Rape kit tests yield suspects but not necessarily convictions

EVERETT — The 20-year-old woman spent Christmas 2010 in a hospital exam room as a forensic nurse carefully collected swabs from her body.

The woman told Everett police someone had raped her hours earlier at a family holiday party while her husband slept nearby. The man she suspected, the only other man sleeping in the living room, denied assaulting her.

Evidence was collected from the woman, but Everett police didn’t submit the sexual assault exam kit to the Washington State Patrol crime lab for analysis.

Detectives closed the investigation “for lack of evidence.”

Everett police Capt. Greg Lineberry recently said that the kit likely wasn’t tested because of the totality of the circumstances. The officers had a named suspect at the time, and he had provided a credible statement that he wasn’t involved, Lineberry said.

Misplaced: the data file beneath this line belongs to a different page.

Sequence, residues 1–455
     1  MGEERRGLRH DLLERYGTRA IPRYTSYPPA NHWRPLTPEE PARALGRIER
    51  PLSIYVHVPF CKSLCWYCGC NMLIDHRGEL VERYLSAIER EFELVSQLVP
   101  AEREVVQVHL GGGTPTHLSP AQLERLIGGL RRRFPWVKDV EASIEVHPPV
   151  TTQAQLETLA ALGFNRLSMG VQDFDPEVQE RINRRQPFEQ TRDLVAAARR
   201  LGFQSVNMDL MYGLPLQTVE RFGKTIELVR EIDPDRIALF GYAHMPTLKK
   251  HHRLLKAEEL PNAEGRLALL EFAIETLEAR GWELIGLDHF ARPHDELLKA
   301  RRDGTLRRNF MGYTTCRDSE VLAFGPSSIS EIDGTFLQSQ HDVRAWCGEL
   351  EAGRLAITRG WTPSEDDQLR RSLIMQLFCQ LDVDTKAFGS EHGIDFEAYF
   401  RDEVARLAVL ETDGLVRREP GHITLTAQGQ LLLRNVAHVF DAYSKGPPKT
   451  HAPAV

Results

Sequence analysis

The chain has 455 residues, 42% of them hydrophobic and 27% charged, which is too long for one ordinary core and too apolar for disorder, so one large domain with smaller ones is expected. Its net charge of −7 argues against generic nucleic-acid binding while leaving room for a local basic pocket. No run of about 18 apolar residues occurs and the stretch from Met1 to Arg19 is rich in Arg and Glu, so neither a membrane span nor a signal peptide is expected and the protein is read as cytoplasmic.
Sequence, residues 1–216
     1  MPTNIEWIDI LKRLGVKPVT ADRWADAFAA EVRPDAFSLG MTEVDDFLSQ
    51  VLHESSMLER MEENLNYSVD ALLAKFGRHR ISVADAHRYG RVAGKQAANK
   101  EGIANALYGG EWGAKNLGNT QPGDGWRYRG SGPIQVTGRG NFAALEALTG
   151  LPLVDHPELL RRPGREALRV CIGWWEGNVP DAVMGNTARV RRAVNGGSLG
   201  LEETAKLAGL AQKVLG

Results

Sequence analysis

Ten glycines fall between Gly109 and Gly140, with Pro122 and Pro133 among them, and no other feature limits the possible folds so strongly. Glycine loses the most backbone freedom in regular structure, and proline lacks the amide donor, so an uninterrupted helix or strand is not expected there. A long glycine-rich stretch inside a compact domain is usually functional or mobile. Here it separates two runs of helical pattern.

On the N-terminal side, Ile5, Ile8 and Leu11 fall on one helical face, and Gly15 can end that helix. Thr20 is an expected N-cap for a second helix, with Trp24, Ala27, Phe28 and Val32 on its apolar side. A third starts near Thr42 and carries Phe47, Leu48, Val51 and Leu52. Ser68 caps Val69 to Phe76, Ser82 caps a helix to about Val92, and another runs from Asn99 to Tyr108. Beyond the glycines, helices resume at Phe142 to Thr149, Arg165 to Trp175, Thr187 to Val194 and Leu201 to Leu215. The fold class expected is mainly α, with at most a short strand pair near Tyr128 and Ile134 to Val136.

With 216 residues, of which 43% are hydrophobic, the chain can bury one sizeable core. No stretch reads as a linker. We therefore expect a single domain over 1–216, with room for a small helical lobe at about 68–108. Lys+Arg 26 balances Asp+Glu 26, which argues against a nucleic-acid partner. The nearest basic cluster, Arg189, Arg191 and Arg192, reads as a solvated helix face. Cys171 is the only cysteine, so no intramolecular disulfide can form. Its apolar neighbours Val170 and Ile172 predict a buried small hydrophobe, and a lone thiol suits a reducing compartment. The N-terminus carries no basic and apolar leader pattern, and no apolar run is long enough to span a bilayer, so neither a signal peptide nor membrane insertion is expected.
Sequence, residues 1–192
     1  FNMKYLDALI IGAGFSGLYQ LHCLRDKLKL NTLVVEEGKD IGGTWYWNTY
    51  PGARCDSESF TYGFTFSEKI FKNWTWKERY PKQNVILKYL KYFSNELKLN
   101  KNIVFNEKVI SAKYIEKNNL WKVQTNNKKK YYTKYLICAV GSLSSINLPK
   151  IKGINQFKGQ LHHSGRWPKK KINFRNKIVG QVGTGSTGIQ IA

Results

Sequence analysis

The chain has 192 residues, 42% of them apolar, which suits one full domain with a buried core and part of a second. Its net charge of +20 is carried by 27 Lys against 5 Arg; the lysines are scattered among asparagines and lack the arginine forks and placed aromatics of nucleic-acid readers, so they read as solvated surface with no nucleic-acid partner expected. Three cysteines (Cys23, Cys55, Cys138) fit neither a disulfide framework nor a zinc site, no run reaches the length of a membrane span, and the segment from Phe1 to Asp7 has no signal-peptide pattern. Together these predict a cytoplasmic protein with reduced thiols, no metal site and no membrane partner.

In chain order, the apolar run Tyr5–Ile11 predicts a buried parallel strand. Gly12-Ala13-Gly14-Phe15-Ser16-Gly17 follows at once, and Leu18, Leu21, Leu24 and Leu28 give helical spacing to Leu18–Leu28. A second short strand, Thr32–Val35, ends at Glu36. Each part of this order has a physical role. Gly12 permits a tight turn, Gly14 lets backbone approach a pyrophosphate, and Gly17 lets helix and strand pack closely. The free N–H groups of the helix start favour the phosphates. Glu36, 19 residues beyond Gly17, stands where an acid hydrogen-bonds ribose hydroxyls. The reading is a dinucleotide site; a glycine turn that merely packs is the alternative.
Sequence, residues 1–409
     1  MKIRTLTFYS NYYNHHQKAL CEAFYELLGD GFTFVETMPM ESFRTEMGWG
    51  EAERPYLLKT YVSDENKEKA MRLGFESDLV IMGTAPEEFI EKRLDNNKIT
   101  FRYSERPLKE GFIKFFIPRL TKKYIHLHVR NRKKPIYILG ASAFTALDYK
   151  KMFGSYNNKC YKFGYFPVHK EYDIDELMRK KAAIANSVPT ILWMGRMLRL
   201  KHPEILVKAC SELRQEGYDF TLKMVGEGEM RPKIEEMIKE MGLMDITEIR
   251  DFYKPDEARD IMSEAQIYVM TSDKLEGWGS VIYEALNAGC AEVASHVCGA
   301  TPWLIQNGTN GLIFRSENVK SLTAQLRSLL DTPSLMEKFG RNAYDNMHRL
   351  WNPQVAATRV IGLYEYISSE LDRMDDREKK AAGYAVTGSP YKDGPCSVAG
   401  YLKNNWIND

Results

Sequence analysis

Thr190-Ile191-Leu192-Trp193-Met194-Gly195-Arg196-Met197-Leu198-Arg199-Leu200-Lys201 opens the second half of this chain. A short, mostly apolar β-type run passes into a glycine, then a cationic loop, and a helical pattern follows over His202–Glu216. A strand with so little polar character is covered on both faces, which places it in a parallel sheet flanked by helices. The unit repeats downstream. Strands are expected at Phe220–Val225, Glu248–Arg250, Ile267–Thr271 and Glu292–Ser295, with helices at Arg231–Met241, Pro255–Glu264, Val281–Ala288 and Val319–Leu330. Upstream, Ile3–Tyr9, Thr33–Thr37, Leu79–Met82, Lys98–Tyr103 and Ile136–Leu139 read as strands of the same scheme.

“It didn’t appear that it was a case that could be prosecuted so they didn’t have it tested,” he said.

The 2010 rape kit recently was analyzed by the FBI as part of an initiative to reduce the number of untested sexual assault kits across the country.

It’s estimated that nationwide law enforcement agencies are in possession of hundreds of thousands of untested sexual assault evidence kits. Washington lawmakers last year passed legislation to reduce the number of unsubmitted kits and to address the backlog of evidence awaiting testing by the Washington State Patrol crime lab.

Everett police were notified in April that forensic scientists found DNA in the evidence collected in the 2010 case. The genetic profile allegedly matches that of the man who hosted the Christmas party, not the man initially named as a suspect.